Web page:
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PESHAWAR: Noted Afghan research scholars and writers have dispelled the impression that anti-Pakistan content is being taught in Afghanistan school textbooks and reaffirmed that no such stuff is ever included in syllabus at any level against neighbouring countries as Kabul wants to establish peaceful relations with the entire world.

The senior Afghan writers, who were recently in Peshawar for attending a Pashto literary conference at Bara Gali Summer Camp of University of Peshawar, spared some time and talked to this scribe on several issues.

Dispelling the impression that anti-Pakistan contents were being taught in Afghan schools, they said that no such stuff was part of the Afghan school curriculum. They said that Afghan textbooks were focused on peace, universal human values and good relations with neighbours.

“If Kabul and Islamabad encourage exchange of delegates comprising academicians and literati, such negative propaganda will soon sink and new ways will get a chance to creep in for further cementing mutual ties,” they said. Lal Bacha Azmoon, known Pashto writer and adviser to Afghan President Dr Ashraf Ghani on culture, said that school textbooks taught children love for land, indigenous culture, humanism and hate against war, not against any state.

Say no effort to create rift between people living on both sides of Durand Line will be successful

“Our textbooks should preach and teach peace, universal human values, interfaith harmony and respect for views of others towards a just and progressive society. Many of my colleagues and I have been in Pakistan for several decades, how we can encourage academicians to teach our children to grow up with hate against our immediate neighbours including Pakistan,” he said.

However, Mr Azmoon said that ‘history’ could not afford to hide facts for long. “Pakhtuns in Afghanistan and Pakistan both share the same issues and challenges brought in by world power players to their region. Our poets and writers promote peace and mutual love in their writings,” said Mr Azmoon.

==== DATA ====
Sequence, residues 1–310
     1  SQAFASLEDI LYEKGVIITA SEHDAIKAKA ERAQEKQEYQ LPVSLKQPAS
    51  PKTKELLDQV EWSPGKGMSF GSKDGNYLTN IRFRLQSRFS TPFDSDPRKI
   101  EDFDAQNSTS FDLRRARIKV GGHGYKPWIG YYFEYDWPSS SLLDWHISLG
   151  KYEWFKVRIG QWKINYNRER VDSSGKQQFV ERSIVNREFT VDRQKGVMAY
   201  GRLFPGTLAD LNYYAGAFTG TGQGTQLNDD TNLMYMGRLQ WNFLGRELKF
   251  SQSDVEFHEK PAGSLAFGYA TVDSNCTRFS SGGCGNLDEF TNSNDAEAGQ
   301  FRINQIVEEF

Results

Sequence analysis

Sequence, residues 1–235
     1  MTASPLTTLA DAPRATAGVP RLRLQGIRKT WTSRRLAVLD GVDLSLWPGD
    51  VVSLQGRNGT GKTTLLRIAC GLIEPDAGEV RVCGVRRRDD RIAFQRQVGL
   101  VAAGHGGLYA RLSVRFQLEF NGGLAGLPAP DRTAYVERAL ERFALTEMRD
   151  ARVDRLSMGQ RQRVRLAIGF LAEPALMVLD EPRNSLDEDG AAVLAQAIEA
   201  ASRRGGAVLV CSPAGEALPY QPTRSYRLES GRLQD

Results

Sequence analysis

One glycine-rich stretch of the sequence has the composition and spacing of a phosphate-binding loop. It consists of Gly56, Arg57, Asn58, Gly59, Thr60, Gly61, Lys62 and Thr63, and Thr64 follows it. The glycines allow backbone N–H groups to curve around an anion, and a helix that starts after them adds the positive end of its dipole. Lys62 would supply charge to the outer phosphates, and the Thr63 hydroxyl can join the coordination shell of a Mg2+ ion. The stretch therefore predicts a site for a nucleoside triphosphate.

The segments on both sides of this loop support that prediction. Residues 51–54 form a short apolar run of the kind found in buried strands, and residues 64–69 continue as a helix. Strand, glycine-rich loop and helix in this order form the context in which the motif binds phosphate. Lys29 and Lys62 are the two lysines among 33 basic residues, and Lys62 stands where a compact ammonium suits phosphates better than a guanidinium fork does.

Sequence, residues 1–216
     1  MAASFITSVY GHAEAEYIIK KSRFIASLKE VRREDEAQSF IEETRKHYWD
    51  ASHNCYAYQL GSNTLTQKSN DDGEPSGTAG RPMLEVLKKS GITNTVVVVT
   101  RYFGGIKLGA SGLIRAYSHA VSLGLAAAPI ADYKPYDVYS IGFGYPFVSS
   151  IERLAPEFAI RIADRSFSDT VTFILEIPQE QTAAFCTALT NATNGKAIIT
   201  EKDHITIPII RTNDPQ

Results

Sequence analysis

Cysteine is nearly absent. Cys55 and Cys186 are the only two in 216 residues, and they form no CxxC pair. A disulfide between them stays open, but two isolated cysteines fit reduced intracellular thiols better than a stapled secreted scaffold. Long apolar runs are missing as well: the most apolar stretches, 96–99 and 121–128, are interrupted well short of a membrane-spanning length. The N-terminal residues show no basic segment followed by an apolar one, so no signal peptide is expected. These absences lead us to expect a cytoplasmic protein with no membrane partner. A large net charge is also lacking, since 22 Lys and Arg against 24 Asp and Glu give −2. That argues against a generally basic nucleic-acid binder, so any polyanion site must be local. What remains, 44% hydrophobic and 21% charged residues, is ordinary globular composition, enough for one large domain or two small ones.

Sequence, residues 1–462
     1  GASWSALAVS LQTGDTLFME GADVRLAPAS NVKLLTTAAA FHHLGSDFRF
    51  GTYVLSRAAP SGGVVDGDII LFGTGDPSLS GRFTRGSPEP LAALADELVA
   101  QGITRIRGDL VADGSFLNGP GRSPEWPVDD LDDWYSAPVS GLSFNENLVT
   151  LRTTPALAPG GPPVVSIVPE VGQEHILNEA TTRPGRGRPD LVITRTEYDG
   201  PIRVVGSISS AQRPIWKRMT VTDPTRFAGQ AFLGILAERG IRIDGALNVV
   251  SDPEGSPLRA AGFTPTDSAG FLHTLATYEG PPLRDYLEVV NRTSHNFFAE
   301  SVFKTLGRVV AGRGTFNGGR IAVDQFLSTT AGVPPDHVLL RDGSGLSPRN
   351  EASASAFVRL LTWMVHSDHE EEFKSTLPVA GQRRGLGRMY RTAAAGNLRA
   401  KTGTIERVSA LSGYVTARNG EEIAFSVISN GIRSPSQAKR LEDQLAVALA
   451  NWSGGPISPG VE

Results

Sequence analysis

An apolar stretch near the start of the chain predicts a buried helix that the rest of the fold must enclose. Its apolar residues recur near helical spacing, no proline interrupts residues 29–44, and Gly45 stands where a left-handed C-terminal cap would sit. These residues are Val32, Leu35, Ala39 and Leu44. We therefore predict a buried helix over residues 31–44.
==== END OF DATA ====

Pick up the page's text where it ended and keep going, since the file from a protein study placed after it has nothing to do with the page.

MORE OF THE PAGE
Prof Asif Sameem, prominent scholar and adviser to culture minister in Kabul, said that no effort to create rift between people living across the Durand Line would be successful as Pakhtuns of Afghanistan, Khyber Pakhtunkhwa, tribal districts and Balochistan had inseparable social, historical and cultural ties.

“No one can find even a single line in our books being taught at any level. At times sour relations between Kabul and Islamabad should not trickle down to our academic institutions,” he said.

Syed Mohiyuddin Hashmi, an expert on textbooks, said that Kabul had no such evil intention to include hate literature in school syllabus against its neighbours including Pakistan. “It is the responsibility of academicians to minimise animosity level and educate even state organs to encourage people-to-people contact for durable political stability, developing trade, communication and strengthening cultural ties. Teaching of hatred serves no purpose,” he added.

Habibullah Rafi, another senior Afghan scholar, said that academicians and literati were never in the habit of fanning hate against Pakistan. “Yes at political level as per volatile situation between Kabul and Islamabad, exhibition of harsh and unfriendly attitude though unfortunate is a fact but making it part of school textbooks has never been in the imagination of our academics. Books should only teach peaceful coexistence with neighbours,” he added.

Mr Rafi said that sometime back a report was circulated in Afghan media that Pakistani books were taught in a school in Paktia province but later it was proved to be wrong. He said that such fake news were part of the negative propaganda meant to create doubts in the minds of people. “Peace in Pakistan is linked to peace in Afghanistan,” he added.

Published in Dawn, August 13th, 2018